Let me be clear:  If Google or any other operator only collected the SSIDs of “open, public networks that invite anyone to connect to them” there would be zero problem from the point of view of the Laws of Identity.  They would, in the terminology of Law Four, be collecting “universal identifiers”. 

But when you drive down a street, the vast majority of networks you encounter are NOT public, and are NOT inviting just anyone to connect to them.  The routers emit packets so the designated users of the network can connect to them, not so others can connect to them, hack them, map them or use them for commercial purposes.  If one is to talk about intent, the intent is for private, unidirectional identifiers to be used within a constrained scope.

In other words, as much as I wish I didn't have to do so, I must strongly dispute Ben's assertion that “Once again, these are public/open WiFi networks” and insist that private identifiers are being misappropriated.

In matters of eavesdropping I subscribe to EPIC's argument that proving harm is not essential – it is the eavesdropping itself which is problematic.  However, in my next post I'll talk about harm, and the problems of a vast world-wide system capable of inference based on use of device identifiers.

  

“I just did it because Skyhook did it”

I received a helpful and informed comment by Michael Hanson at Mozilla Labs on the Street View MAC Address issue:

I just wanted to chip in and say that the practice of wardriving to create a SSID/MAC geolocation database is hardly unique to Google.

The practice was invented by Skyhook Wireless], formerly Quarterscope. The iPhone, pre-GPS, integrated the technology to power the Maps application. There was some discussion of how this technology would work back in 2008, but it didn't really break out beyond the community of tech developers. I'm not sure what the connection between Google and Skyhook is today, but I do know that Android can use the Skyhook database.

Your employer recently signed a deal with Navizon, a company that employs crowdsourcing to construct a database of WiFi endpoints.

Anyway – I don't mean to necessarily weigh in on the question of the legality or ethics of this approach, as I'm not quite sure how I feel about it yet myself. The alternative to a decentralized anonymous geolocation system is one based on a) GPS, which requires the generosity of a space-going sovereign to maintain the satellites and has trouble in dense urban areas, or b) the cell towers, which are inefficient and are used to collect our phones’ locations. There's a recent paper by Constandache (et al) at Duke that addresses the question of whether it can be done with just inertial reckoning… but it's a tricky problem.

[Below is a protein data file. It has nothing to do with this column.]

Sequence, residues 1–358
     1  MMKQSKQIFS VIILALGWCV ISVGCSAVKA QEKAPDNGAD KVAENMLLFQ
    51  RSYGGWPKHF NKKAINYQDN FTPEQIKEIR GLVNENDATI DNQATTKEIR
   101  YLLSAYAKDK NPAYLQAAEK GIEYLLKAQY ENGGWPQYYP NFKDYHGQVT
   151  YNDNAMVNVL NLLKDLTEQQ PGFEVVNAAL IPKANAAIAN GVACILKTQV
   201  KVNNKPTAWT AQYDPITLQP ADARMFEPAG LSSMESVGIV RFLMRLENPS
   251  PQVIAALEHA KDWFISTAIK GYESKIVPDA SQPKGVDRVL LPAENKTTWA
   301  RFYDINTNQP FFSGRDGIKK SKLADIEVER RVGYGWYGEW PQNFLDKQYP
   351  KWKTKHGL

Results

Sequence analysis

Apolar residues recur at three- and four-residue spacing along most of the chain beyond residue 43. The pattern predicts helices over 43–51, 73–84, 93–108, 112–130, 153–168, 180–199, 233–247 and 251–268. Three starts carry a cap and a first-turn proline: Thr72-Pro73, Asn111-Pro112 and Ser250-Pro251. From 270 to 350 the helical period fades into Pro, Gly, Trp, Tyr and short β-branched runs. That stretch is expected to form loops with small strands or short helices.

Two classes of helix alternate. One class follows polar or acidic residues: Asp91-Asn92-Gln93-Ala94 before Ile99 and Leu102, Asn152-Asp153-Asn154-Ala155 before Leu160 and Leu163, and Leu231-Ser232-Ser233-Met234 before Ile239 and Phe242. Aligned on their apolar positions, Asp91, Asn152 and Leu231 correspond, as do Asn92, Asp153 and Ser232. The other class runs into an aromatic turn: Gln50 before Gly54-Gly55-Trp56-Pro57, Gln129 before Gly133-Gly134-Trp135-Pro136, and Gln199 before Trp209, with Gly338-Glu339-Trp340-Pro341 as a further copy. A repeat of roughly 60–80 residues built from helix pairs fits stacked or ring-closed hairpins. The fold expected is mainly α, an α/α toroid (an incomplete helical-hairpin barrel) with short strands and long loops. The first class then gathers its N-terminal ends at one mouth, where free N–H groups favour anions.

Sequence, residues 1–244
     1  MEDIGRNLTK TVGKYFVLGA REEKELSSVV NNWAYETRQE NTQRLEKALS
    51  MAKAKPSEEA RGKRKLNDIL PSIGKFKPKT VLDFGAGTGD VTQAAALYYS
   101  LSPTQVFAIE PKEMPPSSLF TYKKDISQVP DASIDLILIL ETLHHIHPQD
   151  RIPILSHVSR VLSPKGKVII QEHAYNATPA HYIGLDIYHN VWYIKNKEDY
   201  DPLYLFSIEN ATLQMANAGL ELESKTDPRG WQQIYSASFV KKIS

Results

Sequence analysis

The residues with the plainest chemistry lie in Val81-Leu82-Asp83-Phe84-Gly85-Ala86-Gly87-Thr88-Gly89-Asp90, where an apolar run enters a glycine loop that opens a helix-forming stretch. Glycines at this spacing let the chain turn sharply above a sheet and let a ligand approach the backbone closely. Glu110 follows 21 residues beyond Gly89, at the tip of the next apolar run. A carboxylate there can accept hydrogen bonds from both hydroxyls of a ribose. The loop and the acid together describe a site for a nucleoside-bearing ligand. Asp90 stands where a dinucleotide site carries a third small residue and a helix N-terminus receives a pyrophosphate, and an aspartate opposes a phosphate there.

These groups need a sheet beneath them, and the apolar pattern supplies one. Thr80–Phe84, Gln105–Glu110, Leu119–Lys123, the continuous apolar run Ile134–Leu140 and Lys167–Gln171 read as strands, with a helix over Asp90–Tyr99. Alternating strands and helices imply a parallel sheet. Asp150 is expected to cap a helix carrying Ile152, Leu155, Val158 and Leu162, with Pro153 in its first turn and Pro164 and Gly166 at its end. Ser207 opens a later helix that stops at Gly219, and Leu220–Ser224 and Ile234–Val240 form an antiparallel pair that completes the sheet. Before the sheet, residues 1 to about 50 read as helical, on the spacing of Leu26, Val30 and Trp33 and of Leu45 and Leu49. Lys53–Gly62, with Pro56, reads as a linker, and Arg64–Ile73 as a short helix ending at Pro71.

Thanks for the post.

The scale of the “wardriving” [can you beieve the name?] boggles my mind, and the fact that this has gone on for so long without attracting public attention is a little incredible.  But in spite of the scale, I don't think the argument  that it's OK to do something because other people have already done it will hold much water with regulators or the thinking public  In fact  it all sounds a bit like a teenager trying to avoid his detention because he was “just doing what Johnny did.”

As Michael say, one can argue that there are benefits to drive-by device identity theft.  In fact, one can argue that there would be benefits to appropriating and reselling all kinds of private information and property.  But in most cases we hold ourselves back, and find other, socially acceptable ways of achieving the same benefits.  We should do the same here.

Are these databases decentralized and anonymous?

As hard as I try, I don't see how one can say the databases are decentralized and anonymous.  For starters, they are highly centralized, allowing monetized lookup of any MAC address in the world.  Secondly, they are not anonymous – the databases contain the identity information of our personal devices as well as their exact locations in molecular space.   It is strange to me that personal information can just be “declared to be public” by those who will benefit from that in their businesses.